-Where were you born?
-In which country and city are you living now?
I live in Reykjavík, Iceland.
-Are you living alone or with your family?
-How long have you been living in Iceland?
Almost two years
-What is your age?
-When did you come up with the idea of living in Iceland?
I always wanted to live abroad, and the decision to move to Iceland happened when my (American) boyfriend got a job and moved there. We were apart for a year and then I moved to join him, with the plan to find a job that would allow me to stay permanently.
-Was it hard to get a visa or a working permit?
My first stay in Iceland was as a tourist, which is allowed for 3 months in Schengen territory. Once I had a job, the residence/work visa was not too much paperwork, and at the time it was even free to apply. The whole process from submitting the paperwork to touchdown in Iceland with a residence permit was less than two months. If you’ve got someone advocating for you, everything is much smoother. The restrictions since I arrived have gotten much tighter though, and I have heard of people having problems in more recent months.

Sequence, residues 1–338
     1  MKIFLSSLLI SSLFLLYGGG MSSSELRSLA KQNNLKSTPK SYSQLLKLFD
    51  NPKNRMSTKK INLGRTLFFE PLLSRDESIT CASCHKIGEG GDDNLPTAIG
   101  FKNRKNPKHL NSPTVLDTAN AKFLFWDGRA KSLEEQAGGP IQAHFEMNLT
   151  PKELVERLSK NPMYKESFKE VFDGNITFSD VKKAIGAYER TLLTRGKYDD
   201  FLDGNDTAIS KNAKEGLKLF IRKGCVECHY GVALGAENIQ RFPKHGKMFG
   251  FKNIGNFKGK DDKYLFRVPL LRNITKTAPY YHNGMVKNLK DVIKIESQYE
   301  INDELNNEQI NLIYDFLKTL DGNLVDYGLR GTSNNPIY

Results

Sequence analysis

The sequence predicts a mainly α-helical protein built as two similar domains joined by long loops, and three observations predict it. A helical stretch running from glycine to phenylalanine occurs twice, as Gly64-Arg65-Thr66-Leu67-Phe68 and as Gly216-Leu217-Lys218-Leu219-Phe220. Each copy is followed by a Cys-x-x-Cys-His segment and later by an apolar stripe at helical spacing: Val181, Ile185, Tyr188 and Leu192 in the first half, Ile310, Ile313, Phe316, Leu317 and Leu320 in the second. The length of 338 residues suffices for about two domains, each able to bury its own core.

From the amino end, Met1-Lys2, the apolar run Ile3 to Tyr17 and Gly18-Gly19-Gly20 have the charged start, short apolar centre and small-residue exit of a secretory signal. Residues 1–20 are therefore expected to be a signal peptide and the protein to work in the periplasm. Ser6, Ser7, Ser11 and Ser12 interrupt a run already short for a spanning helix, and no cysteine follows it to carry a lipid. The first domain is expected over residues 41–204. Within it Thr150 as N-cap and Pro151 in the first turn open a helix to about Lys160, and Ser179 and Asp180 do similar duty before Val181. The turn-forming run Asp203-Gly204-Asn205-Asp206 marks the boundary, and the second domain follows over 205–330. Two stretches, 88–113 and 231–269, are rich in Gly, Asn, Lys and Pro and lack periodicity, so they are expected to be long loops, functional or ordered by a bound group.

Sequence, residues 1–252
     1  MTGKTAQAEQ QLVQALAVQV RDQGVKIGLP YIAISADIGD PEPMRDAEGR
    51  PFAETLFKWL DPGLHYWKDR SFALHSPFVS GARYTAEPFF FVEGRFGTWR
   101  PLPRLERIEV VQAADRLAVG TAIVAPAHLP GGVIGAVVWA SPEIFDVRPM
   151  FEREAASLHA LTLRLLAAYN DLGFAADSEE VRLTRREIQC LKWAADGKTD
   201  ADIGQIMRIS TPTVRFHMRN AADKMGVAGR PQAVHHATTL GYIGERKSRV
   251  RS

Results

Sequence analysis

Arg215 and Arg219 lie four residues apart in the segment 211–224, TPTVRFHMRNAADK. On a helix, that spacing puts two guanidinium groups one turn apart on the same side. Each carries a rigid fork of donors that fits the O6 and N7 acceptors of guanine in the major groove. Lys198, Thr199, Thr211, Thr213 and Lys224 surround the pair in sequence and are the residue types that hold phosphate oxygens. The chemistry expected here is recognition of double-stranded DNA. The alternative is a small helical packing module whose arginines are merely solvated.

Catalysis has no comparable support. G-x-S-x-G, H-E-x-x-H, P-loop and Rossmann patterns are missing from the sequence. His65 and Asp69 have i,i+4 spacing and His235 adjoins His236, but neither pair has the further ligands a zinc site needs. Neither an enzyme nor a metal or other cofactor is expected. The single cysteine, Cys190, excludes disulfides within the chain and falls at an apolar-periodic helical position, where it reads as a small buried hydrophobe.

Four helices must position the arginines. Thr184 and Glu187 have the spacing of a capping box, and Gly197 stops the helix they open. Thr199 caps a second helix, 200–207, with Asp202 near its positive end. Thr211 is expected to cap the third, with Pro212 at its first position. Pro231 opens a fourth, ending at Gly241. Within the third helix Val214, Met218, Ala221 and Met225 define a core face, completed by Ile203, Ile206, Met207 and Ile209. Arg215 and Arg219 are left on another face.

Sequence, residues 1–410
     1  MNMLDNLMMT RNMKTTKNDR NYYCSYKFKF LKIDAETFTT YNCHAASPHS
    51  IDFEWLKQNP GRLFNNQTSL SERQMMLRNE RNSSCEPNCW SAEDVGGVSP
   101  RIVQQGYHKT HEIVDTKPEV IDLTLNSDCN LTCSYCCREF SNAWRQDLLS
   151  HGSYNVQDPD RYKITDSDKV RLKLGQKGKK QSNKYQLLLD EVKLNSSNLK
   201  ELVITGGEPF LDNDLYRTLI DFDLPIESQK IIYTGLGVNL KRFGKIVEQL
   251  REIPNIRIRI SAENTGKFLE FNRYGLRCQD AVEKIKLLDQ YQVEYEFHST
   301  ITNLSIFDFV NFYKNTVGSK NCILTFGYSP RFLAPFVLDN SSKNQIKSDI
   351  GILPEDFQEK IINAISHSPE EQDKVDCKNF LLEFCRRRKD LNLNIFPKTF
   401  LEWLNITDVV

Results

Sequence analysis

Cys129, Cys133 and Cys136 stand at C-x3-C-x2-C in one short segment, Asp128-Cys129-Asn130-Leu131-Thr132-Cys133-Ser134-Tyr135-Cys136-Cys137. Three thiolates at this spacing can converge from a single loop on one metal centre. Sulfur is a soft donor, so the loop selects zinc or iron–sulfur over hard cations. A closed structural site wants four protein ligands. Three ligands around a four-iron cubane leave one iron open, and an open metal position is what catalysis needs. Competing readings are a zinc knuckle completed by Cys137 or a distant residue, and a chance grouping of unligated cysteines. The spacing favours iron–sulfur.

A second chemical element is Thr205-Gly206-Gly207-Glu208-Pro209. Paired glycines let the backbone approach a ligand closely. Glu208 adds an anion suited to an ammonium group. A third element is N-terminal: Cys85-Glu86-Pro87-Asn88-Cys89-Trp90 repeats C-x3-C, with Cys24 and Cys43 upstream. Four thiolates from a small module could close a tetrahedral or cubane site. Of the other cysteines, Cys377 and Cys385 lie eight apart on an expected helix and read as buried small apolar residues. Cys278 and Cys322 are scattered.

-Was it difficult for you to get medical insurance before you went there or when you first arrived?
Iceland’s medicine is socialized, so it’s free after being a resident for six months. Before that, my company provided insurance for me as part of the visa sponsorship package.
-How do you make your living in Iceland?
It took me less time to find a job in Iceland than it did to find my previous job in the US, since I had nothing else to do during the days but job hunt. I used the newspaper to find the websites of companies that were hiring, and if they had an English-language version and I had relevant experience, I applied. I did a "walkaround" too, where I visited the places I’d applied and asked to speak to someone about my application. I interviewed at agencies, and told everyone I knew (and my boyfriend knew) that I was looking for a job. Ultimately it was the personal connections that came through.